Flooding is expected to continue this week, and possibly into early next week, as snow continues to melt upstream of Omaha. This will disrupt freight markets further south along the Missouri and Mississippi Rivers and communities are displaced. Parts of I-680 are already closed in Omaha, and further west, critical intermodal rail lines from Salt Lake City to Chicago is out of service today; I-80 look okay for now heading through Nebraska. However, portions of I-29 in western Iowa remain closed.

SONAR data on March 18, 2019 (chart above) shows outbound tender volumes for Omaha, Nebraska, Hutchinson, Kansas and Oklahoma City, Oklahoma (OTVI.OMA, OTVI.HUT, OTVI.OKC) – markets along the Missouri River – are increasing in anticipation of capacity constraints due to flooding, already evident in Omaha where van outbound tender rejections (VTRI.OMA) increased 4.14% over the weekend to 12.73%. Flood Warnings remain posted by the National Weather Service (NWS) for many areas of the Midwest.

Look for more weather updates throughout the week on the FreightWaves website.

Tags
Show More

Nick Austin, Director of Weather Analytics and Senior Meteorologist

In his 17 years of weather forecasting experience, Nick worked on air at WBBJ-TV and WRCB-TV, including time spent doing weather analysis and field reporting. He received his Bachelor of Science in Meteorology from Florida State University as well as a Bachelor of Science in Management from Georgia Institute of Technology. Nick is also a member of the American Meteorological Society and National Weather Association. As a member of the weather team at WBBJ-TV in Jackson, Tennessee, Nick was nominated for a Mid-South Emmy for live coverage of a major tornado outbreak in 2008. As part of the weather team at WRCB-TV in Chattanooga, Tennessee, Nick shared the Chattanooga Times-Free Press Best of the Best award for “Best Weather Team” for eight consecutive years. Nick earned his National Weather Association Broadcasting Seal in 2005.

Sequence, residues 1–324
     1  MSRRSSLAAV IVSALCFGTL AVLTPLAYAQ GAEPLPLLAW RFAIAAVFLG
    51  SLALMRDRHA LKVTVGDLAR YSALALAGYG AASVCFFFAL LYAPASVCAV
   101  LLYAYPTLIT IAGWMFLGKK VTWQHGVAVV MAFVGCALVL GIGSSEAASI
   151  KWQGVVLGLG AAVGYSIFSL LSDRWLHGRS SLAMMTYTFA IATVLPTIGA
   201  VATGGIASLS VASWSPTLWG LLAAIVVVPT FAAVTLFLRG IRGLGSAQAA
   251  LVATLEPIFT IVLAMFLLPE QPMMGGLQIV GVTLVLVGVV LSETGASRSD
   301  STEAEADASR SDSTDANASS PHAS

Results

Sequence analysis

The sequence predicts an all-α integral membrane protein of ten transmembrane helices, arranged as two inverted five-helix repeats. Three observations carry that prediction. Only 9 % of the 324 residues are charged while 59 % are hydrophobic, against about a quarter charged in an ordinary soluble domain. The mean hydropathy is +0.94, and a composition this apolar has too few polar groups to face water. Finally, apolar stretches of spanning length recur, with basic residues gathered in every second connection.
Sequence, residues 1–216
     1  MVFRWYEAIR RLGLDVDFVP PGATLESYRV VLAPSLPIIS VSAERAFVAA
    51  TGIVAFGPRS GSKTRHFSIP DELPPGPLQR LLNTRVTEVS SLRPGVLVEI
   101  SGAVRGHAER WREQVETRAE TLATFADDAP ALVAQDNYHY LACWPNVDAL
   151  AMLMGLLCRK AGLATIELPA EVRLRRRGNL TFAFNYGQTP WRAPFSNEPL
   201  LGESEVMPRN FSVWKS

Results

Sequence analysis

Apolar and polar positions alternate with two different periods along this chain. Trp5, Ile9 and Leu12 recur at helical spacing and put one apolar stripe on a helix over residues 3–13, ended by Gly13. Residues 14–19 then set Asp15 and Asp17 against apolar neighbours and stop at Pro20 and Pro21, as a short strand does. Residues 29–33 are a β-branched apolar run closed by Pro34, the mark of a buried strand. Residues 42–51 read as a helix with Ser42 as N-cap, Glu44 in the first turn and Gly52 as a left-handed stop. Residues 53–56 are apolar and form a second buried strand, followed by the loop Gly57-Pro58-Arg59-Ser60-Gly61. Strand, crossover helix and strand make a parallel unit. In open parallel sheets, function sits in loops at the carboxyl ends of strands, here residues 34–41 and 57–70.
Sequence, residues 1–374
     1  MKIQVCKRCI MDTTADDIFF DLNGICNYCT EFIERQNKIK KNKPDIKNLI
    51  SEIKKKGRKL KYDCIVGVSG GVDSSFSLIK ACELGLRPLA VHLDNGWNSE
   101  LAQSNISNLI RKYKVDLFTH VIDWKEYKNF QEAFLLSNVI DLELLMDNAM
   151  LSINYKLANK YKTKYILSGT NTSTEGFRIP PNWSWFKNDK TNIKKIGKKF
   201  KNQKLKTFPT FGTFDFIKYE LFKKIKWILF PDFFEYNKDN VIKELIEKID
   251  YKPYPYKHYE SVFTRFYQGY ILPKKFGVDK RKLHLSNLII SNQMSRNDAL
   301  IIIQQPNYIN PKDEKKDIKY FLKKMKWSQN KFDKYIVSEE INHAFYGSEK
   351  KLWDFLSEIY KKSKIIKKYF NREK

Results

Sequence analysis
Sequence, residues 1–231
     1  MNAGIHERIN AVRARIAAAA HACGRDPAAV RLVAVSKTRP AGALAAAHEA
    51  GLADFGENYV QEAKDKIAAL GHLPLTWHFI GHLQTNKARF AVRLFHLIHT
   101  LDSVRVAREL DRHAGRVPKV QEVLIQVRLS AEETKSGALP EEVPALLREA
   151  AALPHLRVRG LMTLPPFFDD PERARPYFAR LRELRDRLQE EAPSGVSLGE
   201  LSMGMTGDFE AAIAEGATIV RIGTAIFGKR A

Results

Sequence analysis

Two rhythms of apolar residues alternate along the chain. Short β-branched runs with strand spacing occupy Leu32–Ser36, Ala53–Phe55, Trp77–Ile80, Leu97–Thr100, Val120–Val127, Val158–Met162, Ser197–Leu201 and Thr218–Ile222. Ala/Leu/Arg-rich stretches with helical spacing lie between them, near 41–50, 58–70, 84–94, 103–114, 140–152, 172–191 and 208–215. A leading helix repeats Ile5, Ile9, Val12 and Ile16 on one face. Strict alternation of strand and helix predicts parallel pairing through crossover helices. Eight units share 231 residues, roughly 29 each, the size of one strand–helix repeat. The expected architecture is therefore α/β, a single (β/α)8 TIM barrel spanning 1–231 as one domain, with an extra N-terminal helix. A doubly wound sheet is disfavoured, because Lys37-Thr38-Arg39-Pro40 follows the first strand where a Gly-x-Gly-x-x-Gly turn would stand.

One Comment

  1. Seems like Karma for Union Pacific Railroad. Still laying off more employees even though they have lost their homes, all while union Pacific making record profits. I see how they care about their employees. They feel the same way about the customers. They are just a number…GREED at its best.

Leave a Reply

Your email address will not be published. Required fields are marked *

Close